THE PRESIDENT:  The wall is going to get built, by the way.  Just in case anybody has any question:  The wall is going to get built, and the wall is going to stop drugs, and it’s going to stop a lot of people from coming in that shouldn’t be here, and it’s going to have a huge effect on human trafficking, which is a tremendous problem in this world — a problem that nobody talks about — but it’s a problem that’s probably worse than any time in the history of this world.  Human trafficking, what’s going on.  

The wall is going to get built, and we’re setting record numbers in terms of stopping people from coming in, and stopping drugs from coming in.  You see the numbers down 73, 74 percent.  I will say, Secretary Kelly — formerly General Kelly — is doing an incredible job.  And I was just with him a little while ago, and he said we definitely, desperately need the wall.  And we’re going to have the wall built.  I mean, I don’t know why people are talking.  I watch these shows, and the pundits in the morning — they don’t know what they’re talking about.  The wall gets built — 100 percent.  Thank you very much.

Q    When will the wall get built?

THE PRESIDENT:  Soon.  We’re already preparing.  We’re doing plans.  We’re doing specifications.  We’re doing a lot of work on the wall, and the wall gets built.  The wall is very, very important.

Q    In your first term?

THE PRESIDENT:  Well, it’s certainly going to — yeah, yeah, sure.

Q    In your first term?

THE PRESIDENT:  We have plenty of time — got a lot of time.

Thank you.


Press Briefing by Secretary of Interior Ryan Zinke on the Executive Order to Review the Designations Under the Antiquities Act

MS. WALTERS:  Hello, everyone.  As you guys knows, we’re going to go through an EO for tomorrow.  The speaker this evening is Secretary Zinke.  This is embargoed until 9:00 p.m.  It is on the record, so everything discussed here will be on the record.  The embargo is until 9:00 p.m. tonight.

Again, this falls underneath Kelly’s issue area, so if you have any additional follow-up questions, please reach out to Kelly Love.  For those of you on the phone, there will be a handout during this session, so if you would like the handout please email Kelly as well, and we will get it to you.

With that, I’ll turn it over.

SECRETARY ZINKE:  So I’ll read this and then I’ll answer some questions.  Tomorrow, the President will come to the Department of Interior, to my office, and sign the executive order to review the Antiquities Act.  The executive order will direct me, as the Secretary, to review prior monument designations and to suggest legislative changes or modifications to the monuments.  The monument designation period stretches from 1 January 1996 under which the act — and it has to include acts and monuments that are 100,000 acres or more — so the beginning date is January 1st, 1996, and the other condition is they have to be a total of 100,000 acres or more.  That should include about 24 to 40 monuments.  That gives you kind of a thumbnail.  

The executive order directs the Interior to provide an interim report to the President within 45 days of the day of the order and a final report to the President within 120 days of that order.  

For the record, in the last 20 years, in particular, that would cover about, oh, tens of millions of acres to include marine area sanctuaries.  Some of these areas were put off limits for traditional uses, like farming, ranching, timber harvest, mining, oil and gas exploration, fishing, and motorized recreation.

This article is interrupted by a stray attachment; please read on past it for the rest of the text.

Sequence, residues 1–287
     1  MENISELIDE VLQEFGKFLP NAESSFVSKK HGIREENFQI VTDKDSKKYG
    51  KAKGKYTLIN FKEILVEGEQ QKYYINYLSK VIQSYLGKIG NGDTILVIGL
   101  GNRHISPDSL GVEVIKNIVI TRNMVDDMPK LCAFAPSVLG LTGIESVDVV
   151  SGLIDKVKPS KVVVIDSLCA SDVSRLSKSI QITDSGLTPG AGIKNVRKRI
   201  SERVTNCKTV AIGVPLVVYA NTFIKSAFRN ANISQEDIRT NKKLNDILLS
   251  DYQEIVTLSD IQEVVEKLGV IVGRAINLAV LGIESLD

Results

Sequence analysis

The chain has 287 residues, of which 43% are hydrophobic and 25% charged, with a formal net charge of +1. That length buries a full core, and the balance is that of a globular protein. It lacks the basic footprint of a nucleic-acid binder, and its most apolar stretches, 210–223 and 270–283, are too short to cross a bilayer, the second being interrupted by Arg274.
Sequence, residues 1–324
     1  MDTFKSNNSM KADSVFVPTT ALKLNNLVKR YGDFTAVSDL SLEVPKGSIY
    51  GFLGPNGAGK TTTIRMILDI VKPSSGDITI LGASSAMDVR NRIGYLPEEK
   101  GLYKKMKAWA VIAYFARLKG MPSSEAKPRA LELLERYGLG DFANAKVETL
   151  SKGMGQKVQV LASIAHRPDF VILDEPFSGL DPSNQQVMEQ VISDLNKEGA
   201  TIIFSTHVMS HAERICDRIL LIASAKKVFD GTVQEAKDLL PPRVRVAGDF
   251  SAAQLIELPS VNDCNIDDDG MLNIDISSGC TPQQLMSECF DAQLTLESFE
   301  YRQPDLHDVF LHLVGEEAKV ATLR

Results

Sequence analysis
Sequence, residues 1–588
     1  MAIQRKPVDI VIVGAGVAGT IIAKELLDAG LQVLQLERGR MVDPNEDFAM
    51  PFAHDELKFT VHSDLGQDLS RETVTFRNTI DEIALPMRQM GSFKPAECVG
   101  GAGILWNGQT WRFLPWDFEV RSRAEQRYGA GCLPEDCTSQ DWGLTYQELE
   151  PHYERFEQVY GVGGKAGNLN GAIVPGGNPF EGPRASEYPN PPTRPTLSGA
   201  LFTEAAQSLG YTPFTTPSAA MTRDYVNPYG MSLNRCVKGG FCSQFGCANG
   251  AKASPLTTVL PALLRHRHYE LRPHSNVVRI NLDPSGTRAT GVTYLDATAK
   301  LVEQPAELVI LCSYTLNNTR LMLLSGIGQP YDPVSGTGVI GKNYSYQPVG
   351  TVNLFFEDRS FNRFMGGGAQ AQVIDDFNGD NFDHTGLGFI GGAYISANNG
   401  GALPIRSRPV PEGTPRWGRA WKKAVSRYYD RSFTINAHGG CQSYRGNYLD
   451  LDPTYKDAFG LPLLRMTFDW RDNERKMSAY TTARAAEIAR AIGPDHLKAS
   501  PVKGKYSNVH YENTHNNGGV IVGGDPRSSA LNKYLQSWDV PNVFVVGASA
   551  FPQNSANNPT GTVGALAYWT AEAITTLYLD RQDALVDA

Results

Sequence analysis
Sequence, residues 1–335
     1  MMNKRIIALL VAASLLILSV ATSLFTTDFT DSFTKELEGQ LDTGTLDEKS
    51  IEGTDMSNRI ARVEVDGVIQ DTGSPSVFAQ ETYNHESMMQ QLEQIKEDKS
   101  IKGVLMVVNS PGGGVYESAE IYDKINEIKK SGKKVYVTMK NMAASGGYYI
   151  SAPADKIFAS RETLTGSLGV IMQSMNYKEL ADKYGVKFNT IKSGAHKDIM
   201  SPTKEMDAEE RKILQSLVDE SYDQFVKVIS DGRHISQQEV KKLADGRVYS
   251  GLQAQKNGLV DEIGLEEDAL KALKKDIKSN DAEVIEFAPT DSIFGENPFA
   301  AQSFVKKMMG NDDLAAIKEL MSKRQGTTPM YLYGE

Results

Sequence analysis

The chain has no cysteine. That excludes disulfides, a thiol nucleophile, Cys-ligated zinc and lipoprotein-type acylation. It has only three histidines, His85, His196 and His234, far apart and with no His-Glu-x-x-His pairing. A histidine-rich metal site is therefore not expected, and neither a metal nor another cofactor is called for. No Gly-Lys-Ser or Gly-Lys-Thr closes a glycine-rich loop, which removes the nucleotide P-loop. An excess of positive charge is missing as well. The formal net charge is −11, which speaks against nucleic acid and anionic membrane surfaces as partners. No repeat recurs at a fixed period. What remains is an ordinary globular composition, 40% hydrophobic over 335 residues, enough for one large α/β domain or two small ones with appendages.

The designations on kind of the bookends are the Grand Staircase-Escalante National Monument of 1996.  And that was the first BLM land designation, all the way to really the Bears Ears National Monument in 2016, which has been in the news a lot.  So those are the kind of two bookends.  Again, it’s monuments that are 100,000 acres or larger, so it hits the big ones.

The President’s — the authority on such matters is singular, so you know.  There’s no requirement for public input before the designation of a monument and there’s no NEPA requirement.  Normally, when you do a land use project, we normally NEPA.  The Antiquities Act is the exception.  Again, we don’t have to go through legislative process; the President determines it, and it does not have to go through NEPA.

In this case, the administration, as you all know, has heard from members of Congress and states and, in some cases, the designation of the monuments may have resulted in loss of jobs, reduced wages and reduced public access.  And in the case of sign public land use, we feel that the public, the people that the monuments affect, should be considered.  And that’s why the President is asking for a review of the monuments designated in the last 20 years to see what changes, if any, improvements can be made, and give states and local communities a meaningful voice in the process.

And I can tell you, from a kid who grew up in Montana, or grew up in the West, where much-needed monuments have taken place, I think today’s executive order and review of the Antiquities Act over the past two decades is long overdue.  

And the policy is consistent with the President’s promise to give Americans a voice and make sure their voices are heard.  Like many of the actions he’s taken since assuming the role of the President, the office, this is yet another example the President is doing exactly what he was saying in his campaign promises, and he’s delivering.

The President believes, like I do, that many of the neighbors in the Western states of the federal government can be a good neighbor.  We can protect areas of cultural and economic importance, and they can use the federal lands for economic development when appropriate, just as Teddy Roosevelt envisioned it.  I am a lifetime supporter and admirer of Teddy Roosevelt’s policies, and the President is the same.